Lib Dem peers will change their amendment to the Digital Economy Bill, according to a report on the Guardian website. The Bill passed its second reading in the House of Lords last week.
Under the Liberal Lords' previous amendments, a legal process would be set up to allow copyright holders to demand that Internet Service Providers (ISPs) block access to sites which illegally share their content.
Criticism of the proposed system was not slow in coming. Some of the world's largest technology companies, including luminaries eBay, Google and Yahoo, signed an open letter against the changes to the Bill, which they said "threaten freedom of speech and the open internet". Computerworld UK blogger Glyn Moody summed up opposition to the Bill, stating that in its current form, it is "utterly one-sided, where the only winners are a music recording industry too lazy to change, and the losers are everyone else".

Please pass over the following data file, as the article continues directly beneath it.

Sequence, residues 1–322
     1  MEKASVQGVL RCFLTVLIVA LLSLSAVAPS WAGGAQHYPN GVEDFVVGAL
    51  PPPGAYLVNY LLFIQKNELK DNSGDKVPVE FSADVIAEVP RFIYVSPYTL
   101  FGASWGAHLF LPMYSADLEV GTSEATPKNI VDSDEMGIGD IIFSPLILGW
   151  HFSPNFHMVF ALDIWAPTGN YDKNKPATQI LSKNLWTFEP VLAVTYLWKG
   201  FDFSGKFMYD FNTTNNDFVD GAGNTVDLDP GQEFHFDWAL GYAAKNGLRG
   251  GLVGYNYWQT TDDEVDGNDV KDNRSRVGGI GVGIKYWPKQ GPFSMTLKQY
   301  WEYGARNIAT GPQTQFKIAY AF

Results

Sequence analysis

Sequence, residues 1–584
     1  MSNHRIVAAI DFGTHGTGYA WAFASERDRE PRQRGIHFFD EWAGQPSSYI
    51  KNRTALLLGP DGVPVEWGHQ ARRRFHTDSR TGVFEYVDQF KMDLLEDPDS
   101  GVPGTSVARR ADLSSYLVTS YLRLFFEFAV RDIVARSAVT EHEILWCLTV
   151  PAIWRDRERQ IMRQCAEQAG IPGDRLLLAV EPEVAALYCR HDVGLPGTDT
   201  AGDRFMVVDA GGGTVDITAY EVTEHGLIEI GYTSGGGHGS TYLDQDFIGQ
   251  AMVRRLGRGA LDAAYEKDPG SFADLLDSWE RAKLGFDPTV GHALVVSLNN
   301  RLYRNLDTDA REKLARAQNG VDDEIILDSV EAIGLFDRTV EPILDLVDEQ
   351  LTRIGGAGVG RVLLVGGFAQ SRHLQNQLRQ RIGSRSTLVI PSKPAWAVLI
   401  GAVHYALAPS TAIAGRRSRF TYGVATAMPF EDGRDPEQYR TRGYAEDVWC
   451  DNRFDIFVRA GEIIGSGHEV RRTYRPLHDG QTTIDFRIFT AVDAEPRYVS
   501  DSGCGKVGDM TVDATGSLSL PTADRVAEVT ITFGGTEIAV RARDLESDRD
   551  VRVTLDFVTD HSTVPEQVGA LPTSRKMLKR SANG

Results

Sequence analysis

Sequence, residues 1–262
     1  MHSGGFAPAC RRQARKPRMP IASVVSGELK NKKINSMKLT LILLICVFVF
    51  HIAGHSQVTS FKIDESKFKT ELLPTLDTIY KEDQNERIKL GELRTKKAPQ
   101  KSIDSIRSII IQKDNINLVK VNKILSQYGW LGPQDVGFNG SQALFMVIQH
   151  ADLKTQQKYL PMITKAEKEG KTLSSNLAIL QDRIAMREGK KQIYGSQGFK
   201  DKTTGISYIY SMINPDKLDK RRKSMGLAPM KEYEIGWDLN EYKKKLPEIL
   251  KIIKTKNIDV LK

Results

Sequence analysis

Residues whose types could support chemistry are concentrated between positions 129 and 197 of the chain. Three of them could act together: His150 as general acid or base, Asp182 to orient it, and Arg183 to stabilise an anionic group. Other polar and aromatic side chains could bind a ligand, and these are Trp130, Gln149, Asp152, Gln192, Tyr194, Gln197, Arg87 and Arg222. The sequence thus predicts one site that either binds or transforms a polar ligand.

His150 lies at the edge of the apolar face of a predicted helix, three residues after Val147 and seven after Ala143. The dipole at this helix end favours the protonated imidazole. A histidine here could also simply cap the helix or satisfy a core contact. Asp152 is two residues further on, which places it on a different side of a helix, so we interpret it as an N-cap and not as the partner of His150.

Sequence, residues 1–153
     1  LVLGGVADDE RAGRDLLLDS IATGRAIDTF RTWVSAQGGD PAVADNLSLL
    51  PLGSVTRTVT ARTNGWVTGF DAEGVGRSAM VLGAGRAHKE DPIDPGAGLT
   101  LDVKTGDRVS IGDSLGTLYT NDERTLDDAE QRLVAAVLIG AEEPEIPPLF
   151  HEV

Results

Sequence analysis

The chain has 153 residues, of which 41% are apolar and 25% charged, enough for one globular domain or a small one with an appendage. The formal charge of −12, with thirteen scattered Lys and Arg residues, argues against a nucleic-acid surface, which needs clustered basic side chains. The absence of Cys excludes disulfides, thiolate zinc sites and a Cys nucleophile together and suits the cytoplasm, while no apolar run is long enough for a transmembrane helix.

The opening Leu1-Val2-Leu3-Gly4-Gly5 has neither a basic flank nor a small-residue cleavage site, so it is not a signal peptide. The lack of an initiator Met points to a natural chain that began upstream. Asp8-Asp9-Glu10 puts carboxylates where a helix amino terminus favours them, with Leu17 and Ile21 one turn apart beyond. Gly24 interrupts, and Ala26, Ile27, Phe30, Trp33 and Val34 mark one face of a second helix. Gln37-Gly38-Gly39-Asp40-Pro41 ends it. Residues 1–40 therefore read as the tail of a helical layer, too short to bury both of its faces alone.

It appears that the Lords have taken note of the depth of disapproval generated by their earlier actions. New amendments to the Bill, proposed by Lib Dem Lord Razzall, provide mechanisms for site operators to challenge any block in court, and for their legal costs to be paid by the copyright holder if the block is judged to have been applied wrongly. This would discourage the industry from issuing 'nuisance' takedown notices to ISPs, and require them to defend their accusations publicly.
However online rights campaigners still have reservations about the content of the Bill. Jim Killock of the Open Rights Group has complained that while the amendments are a small improvement, the Bill stills raises the possibility of website blocking, which his organisation has characterised as a threat to free speech and tantamount to censorship.